"The mass of men lead lives of quiet desperation. What is called resignation is confirmed desperation. From the desperate city you go into the desperate country, and have to console yourself with the bravery of minks and muskrats. A stereotyped but unconscious despair is concealed even under what are called the games and amusements of mankind. There is no play in them, for this comes after work. But it is a characteristic of wisdom not to do desperate things." -- Henry David Thoreau, Walden, 1854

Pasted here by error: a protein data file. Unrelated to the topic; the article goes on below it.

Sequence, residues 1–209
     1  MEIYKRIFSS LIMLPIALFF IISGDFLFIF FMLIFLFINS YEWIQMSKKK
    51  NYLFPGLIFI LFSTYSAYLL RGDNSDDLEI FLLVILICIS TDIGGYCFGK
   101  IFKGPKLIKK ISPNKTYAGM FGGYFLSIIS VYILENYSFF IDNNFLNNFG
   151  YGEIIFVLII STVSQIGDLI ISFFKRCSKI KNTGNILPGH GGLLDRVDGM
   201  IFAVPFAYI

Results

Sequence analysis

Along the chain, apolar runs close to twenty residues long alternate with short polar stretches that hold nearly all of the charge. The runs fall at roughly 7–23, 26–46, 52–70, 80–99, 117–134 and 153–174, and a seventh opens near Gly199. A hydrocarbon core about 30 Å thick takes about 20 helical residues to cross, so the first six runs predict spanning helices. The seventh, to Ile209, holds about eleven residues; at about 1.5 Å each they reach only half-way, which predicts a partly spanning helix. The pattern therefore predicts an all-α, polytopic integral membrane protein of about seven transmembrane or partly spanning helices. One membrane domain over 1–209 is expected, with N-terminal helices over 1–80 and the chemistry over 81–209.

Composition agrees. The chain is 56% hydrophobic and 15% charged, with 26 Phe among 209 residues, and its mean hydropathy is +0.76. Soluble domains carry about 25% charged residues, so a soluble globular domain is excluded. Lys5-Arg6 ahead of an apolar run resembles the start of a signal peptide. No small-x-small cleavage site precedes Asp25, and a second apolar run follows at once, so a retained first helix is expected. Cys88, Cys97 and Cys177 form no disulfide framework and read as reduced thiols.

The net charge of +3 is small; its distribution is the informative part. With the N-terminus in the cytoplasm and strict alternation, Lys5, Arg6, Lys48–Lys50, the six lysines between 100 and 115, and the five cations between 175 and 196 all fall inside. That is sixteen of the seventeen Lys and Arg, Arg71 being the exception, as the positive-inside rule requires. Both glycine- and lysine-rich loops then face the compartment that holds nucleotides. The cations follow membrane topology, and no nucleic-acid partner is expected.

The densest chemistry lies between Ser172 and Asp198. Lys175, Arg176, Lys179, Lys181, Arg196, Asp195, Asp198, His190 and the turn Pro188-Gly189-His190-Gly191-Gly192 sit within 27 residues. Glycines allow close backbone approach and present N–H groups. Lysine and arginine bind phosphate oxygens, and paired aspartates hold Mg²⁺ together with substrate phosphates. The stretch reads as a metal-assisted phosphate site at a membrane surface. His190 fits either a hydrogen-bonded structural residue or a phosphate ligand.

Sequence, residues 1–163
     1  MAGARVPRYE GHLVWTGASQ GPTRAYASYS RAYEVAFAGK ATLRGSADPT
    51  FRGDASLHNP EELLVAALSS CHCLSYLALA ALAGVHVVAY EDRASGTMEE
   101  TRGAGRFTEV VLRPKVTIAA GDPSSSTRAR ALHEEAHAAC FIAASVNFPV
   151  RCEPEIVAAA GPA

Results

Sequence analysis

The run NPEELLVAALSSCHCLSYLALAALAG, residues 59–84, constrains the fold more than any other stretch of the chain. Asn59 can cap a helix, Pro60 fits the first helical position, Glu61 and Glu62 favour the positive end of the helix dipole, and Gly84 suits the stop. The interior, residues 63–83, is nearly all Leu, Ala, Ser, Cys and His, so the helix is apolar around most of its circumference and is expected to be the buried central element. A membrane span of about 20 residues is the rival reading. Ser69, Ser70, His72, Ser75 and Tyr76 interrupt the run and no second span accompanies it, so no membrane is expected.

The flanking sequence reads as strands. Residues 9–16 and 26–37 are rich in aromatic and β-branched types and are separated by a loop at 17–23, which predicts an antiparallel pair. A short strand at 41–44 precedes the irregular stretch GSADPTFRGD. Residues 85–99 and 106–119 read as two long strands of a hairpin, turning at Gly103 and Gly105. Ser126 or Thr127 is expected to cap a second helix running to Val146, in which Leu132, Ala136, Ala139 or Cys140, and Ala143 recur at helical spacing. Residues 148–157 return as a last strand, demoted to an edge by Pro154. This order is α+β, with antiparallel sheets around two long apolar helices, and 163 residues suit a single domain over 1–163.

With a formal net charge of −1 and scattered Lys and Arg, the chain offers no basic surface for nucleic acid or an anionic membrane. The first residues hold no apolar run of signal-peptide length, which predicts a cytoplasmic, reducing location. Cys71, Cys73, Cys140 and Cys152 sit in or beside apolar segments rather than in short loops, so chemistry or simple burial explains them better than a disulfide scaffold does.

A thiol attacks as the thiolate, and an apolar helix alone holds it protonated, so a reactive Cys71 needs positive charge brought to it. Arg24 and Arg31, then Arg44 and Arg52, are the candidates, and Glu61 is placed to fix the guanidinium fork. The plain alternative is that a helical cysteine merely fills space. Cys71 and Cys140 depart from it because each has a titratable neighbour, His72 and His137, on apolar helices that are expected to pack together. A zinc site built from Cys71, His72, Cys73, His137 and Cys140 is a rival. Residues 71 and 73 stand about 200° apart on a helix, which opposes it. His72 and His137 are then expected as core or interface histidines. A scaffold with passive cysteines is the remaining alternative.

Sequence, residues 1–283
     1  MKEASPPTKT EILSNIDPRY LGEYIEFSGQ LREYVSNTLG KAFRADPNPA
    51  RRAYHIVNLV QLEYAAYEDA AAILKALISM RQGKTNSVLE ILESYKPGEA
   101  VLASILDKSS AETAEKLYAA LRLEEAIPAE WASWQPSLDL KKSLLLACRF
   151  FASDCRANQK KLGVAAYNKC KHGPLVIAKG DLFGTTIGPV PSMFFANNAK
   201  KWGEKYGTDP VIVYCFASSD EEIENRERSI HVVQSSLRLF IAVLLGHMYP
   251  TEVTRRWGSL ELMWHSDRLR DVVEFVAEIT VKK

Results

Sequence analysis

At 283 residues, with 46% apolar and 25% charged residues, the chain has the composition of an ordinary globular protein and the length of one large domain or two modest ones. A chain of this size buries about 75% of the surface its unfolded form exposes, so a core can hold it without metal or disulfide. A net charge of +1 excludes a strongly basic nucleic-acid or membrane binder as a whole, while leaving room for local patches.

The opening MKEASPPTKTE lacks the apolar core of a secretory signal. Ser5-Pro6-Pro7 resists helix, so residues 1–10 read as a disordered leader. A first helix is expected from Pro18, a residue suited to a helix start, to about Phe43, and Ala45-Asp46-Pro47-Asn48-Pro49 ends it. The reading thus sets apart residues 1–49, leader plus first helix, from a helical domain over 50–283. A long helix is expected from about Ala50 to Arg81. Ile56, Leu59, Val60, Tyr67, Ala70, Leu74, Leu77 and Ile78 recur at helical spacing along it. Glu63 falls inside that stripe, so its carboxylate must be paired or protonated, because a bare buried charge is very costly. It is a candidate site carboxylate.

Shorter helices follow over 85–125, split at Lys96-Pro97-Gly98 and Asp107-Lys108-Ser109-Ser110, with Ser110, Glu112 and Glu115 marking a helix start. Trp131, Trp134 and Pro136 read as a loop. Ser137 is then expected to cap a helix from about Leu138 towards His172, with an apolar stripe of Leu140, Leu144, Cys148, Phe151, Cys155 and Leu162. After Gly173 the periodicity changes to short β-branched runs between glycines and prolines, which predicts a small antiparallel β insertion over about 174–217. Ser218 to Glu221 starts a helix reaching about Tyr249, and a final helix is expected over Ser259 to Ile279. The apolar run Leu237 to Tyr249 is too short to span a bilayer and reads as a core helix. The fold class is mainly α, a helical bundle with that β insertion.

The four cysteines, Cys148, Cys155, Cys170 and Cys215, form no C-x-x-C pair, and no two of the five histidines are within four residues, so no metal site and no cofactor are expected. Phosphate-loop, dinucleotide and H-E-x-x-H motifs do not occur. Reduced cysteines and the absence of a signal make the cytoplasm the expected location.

"... But to become fantastic in this way, and thus to be in despair, does not mean, although it usually becomes apparent, that a person cannot go on living fairly well, seem to be a man, be occupied with temporal matters, marry, have children, be honored and esteemed -- and it may not be detected that in a deeper sense he lacks a self. Such things do not create much of a stir in the world, for a self is the last thing the world cares about and the most dangerous thing of all for a person to show signs of having. The greatest hazard of all, losing the self, can occure very quietly in the world, as if it were nothing at all. No other loss can occur so quietly; any other loss -- an arm, a leg, five dollars, a wife, etc. -- is sure to be noticed." -- S. Kierkegaard, The Sickness Unto Death, 1849.